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Nutritional Status and CF-Related Diabetes

Cystic fibrosis-related diabetes (CFRD) is a unique form of diabetes among people with cystic fibrosis (CF). It is relatively common and can affect both adults and children.1

In our 2020 Cystic Fibrosis In America survey, we explored the impact CF has on adults, from diagnosis, nutritional status, and symptoms to quality of life, relationships, and support. According to the survey, 28 percent of respondents have also been diagnosed with CFRD.2

Here, we share more about nutritional status and CFRD in people living with cystic fibrosis.

CFRD is not your "typical" diabetes

CFRD affects a person’s natural insulin, just like type 1 and type 2 diabetes. However, CFRD impacts insulin a little bit differently than in those with type 1 or type 2 diabetes. In people with CF, the sticky, thick mucus damages and scars the pancreas, where insulin is created. It clogs the pancreatic duct, blocking insulin from passing through to other areas of the body that need it.3

CFRD can put people at risk for a number of health complications, including poor nutritional status like malnutrition, weight loss, and being unable to gain weight. It can also increase the risk of worsening lung function and even death.1

Malnutrition can cause long-term harm

CFRD is not caused by being overweight. In fact, one of the hallmark symptoms of CFRD is weight loss and difficulty gaining weight.1

This weight loss or the inability to maintain a healthy weight can lead to malnutrition and malabsorption. Both are issues that can greatly affect a person’s health. Malnutrition deprives the body of essential vitamins and nutrients, making it harder to fight off infections. Our study found that 11 percent of survey respondents reported some form of malnutrition.2

Seeing a nutritionist or dietitian can help

People with CFRD do not absorb nutrients as efficiently as others, and they also use more energy just to breathe. This means people with CFRD have different nutritional needs than people with type 1 or type 2 diabetes. They need more calories to reach a healthy body mass index (BMI) and must eat a diet that is high in calories, protein, fat, and salt.3,4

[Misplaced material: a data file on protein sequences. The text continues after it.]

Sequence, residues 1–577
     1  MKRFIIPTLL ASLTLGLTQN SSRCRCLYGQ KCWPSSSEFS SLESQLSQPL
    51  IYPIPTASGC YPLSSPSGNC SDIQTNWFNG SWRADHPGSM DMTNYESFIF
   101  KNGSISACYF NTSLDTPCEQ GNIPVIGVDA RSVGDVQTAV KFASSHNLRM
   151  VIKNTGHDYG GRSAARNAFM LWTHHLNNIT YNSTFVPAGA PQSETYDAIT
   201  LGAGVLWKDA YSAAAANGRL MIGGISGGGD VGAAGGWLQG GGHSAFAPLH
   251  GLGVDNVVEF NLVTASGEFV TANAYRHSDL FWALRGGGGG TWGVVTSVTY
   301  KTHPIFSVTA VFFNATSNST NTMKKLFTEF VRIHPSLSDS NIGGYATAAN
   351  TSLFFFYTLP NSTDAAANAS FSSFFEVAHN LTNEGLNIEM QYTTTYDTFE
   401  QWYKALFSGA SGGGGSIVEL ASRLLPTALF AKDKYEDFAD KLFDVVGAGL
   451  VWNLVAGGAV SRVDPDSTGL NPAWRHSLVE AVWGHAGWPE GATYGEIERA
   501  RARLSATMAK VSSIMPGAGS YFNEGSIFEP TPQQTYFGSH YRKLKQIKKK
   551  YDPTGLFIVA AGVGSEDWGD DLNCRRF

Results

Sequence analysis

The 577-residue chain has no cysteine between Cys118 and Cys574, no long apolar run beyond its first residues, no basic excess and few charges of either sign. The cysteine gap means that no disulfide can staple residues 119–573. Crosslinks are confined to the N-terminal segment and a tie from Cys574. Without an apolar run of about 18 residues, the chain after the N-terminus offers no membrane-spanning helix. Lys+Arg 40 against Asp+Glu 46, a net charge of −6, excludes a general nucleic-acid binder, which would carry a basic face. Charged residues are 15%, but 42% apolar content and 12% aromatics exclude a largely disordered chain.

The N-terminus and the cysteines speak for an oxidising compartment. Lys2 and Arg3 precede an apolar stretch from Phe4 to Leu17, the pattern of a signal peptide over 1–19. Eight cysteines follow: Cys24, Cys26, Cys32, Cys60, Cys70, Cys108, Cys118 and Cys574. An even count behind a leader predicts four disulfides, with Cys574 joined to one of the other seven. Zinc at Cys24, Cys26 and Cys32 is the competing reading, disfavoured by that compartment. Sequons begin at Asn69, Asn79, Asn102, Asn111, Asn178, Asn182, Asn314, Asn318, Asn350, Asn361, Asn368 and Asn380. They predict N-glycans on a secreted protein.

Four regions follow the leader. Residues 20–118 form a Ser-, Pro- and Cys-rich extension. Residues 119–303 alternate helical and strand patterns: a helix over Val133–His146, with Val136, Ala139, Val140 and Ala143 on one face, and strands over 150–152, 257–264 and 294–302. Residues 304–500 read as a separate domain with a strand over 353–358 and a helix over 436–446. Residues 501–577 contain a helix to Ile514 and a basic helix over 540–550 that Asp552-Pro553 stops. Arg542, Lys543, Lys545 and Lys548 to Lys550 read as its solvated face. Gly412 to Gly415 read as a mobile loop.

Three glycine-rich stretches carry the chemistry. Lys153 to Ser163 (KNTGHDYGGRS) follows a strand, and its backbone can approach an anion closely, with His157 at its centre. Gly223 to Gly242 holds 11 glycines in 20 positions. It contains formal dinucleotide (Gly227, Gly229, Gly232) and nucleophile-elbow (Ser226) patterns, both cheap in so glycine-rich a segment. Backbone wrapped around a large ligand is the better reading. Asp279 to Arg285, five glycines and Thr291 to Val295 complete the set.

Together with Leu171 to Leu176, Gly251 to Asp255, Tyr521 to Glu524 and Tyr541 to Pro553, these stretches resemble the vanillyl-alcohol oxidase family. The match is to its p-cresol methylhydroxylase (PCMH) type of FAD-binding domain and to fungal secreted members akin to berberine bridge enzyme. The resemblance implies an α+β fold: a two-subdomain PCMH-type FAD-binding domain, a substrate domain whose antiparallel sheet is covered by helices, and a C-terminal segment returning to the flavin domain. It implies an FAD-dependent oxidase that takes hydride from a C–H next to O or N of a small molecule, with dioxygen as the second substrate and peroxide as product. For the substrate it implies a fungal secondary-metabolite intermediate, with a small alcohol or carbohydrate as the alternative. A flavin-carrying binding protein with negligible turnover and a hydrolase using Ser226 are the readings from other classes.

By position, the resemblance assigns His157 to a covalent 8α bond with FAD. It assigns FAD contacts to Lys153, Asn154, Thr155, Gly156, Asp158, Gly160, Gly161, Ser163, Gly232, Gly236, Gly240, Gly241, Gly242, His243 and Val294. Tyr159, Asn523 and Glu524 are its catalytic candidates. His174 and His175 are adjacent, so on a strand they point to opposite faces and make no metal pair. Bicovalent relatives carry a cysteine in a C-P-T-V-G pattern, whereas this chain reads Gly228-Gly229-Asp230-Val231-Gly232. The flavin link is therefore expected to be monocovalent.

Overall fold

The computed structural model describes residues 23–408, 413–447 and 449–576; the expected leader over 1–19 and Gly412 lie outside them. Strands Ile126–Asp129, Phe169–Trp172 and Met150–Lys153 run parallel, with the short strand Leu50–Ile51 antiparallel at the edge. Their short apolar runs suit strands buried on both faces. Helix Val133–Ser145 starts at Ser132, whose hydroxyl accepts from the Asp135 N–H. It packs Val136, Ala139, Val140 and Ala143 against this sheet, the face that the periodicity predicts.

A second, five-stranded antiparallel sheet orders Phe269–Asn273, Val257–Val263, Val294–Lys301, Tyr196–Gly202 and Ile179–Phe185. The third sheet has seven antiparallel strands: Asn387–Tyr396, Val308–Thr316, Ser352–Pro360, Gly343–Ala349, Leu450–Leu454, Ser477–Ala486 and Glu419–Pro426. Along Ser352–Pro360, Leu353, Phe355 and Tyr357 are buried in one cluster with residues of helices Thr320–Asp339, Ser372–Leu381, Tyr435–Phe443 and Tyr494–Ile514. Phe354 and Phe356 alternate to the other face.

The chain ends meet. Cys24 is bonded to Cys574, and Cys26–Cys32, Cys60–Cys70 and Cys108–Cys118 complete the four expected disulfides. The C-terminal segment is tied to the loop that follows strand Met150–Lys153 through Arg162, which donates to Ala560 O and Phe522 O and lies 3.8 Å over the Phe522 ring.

Nutritionists and registered dietitians (RDs) can help people with CFRD by creating an eating plan that helps manage blood sugar levels and provides adequate calories and nutrients.2

According to our survey, 78 percent of respondents with CF say they see a nutritionist or dietitian as part of their CF healthcare team. Plus, 87 percent of caregiver respondents say their loved one with CF sees a nutritionist or dietitian.

Early diagnosis of CFRD can lead to a better quality of life

A 2017 study found that 50 percent of those with CF are diagnosed with CFRD by the time they are 30, with some children showing signs of early-onset diabetes by the time they are 10.2,4

While a CFRD diagnosis does come with additional health responsibilities, it is entirely manageable. Eating a high-calorie diet, managing blood sugar levels with insulin, and teaming up with a nutritionist or dietitian can help you to manage CFRD and enjoy a healthier life.

The 2020 Cystic Fibrosis In America Survey was conducted online from March through July 2020. The survey was completed by 404 people with cystic fibrosis and 230 people who are current caregivers.

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